3. Getting started - Most walls already have paint on them, so you won't need a primer. If you're working with a fresh wall and you want to save time, you can buy paint with the primer mixed in. In any case, you'll first want to move furniture out of the way and dropcloth the floor. Use a plastic dropcloth rather than fabric, as paint can seep through fabrics and stain your floors. You'll also need to tape off sections that you don't want painted, such as the window moldings or doorknobs. I also recommend laying out a double-thick layer of tape around the ceiling. Your roller will hit it later. This is the one step where you don't want to get lazy. If you don't dropcloth the entire floor of your house, make sure to check the bottom of your shoes before stepping off the drop cloth area. Otherwise you'll get tracks all over the place.
  4. Painting - keep a screwdriver on hand to help open those stubborn paint cans and always hammer them tightly closed when you're done to avoid spills. ALWAYS buy more paint than you think you'll need. Remember, you'll be coating the walls multiple times and it's a lot less annoying to go return extra paint at the end of a job than to stop in the middle of painting to go get more. Have several rollers on hand for different colors (it's nice not to stop, wash the roller and wait for it to dry in between colors) as well as some small sponges to coat the areas a roller won't reach, like corners. Pour your paint into the pan and just get started- once you start painting you'll have more confidence to finish. Don't worry about making coats even; you need only step back and view the wall as a whole in order to immediately identify where more paint should be added. Furthermore, don't be worried if the paint in the can doesn't EXACTLY match your swatches, or if you notice a difference in color when you come back to an area to add more paint. Acrylic based paints actually darken in color once they're dry; just keep going an be assured that everything will match when it's dry.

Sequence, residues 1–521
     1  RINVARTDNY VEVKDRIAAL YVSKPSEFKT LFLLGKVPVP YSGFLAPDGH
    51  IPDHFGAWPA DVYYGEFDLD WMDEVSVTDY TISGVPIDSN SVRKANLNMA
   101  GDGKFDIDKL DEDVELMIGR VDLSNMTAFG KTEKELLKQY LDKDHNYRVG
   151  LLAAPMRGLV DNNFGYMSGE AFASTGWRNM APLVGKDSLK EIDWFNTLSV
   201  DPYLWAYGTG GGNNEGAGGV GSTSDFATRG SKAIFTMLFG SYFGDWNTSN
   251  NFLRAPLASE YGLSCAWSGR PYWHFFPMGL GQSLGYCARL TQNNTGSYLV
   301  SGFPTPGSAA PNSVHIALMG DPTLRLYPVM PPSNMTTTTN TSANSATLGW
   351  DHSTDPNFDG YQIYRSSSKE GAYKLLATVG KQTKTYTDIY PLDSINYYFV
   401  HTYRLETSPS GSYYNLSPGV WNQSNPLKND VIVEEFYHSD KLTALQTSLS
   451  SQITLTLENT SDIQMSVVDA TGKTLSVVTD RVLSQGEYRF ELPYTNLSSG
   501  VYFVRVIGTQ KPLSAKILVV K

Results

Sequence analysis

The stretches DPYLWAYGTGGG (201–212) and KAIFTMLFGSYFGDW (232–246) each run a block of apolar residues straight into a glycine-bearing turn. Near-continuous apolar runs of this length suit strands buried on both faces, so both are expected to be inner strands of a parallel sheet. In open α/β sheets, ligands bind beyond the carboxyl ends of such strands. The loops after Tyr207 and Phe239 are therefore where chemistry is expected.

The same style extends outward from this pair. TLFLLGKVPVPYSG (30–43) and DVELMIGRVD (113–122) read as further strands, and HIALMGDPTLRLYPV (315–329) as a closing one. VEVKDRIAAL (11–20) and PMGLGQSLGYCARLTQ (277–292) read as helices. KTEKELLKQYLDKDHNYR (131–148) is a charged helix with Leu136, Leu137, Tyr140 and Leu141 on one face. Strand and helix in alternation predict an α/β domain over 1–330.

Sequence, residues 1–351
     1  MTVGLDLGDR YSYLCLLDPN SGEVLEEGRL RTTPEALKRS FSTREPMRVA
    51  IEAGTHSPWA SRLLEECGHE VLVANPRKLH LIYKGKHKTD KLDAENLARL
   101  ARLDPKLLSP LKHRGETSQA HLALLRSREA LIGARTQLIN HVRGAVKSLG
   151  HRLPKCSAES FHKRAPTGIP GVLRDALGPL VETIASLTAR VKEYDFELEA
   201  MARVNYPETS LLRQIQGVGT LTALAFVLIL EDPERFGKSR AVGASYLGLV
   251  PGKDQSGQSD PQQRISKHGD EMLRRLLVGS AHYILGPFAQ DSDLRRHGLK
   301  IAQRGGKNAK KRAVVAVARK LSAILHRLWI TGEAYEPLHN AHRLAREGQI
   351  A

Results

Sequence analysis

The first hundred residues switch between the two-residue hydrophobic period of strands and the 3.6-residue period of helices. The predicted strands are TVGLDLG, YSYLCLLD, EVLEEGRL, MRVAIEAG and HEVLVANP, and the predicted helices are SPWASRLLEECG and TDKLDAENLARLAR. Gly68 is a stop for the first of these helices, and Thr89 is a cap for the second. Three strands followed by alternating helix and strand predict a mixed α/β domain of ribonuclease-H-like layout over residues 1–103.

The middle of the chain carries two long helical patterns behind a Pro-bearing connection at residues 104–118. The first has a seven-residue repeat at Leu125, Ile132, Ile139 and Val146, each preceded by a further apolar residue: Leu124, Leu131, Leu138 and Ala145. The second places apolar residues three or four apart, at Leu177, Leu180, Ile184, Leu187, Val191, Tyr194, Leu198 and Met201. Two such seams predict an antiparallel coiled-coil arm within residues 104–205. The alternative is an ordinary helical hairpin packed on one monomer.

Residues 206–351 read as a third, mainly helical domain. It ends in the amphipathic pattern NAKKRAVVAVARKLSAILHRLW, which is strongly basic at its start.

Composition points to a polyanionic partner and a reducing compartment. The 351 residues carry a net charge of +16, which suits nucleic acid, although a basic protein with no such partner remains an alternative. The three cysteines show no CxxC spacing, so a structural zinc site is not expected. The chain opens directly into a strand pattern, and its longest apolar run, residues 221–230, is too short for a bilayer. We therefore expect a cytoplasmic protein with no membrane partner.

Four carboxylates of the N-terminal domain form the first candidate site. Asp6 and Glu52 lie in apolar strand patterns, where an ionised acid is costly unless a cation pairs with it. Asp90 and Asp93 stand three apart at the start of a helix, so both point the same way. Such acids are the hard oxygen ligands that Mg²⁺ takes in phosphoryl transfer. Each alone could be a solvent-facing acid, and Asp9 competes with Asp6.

5. Cleanup - Make sure to squeeze all the paint out of your roller before attempting to wash it; you'd be surprised at how much it's holding in there, like a sponge. If you're absolutely done painting, remove all the tape quickly since once the paint dries this will be much harder to do. Save all of your paint cans, even if there's just a bit left, in case something should happen to the wall later on and you need a quick touch-up. At  the very least, save the names of the colors you chose so you can re-buy them later on need be. 

It really is that simple- if you feel you've made a mistake, just wait for it to dry and try a different color. Otherwise, enjoy your new room!

You can see previous  posts by Lenore here and here. To view Lenore's artwork, please visit her new website at LenoreCohen.com and be sure to follow her on twitter at Twitter.com/thatartistgirl for the latest updates on new work and shows.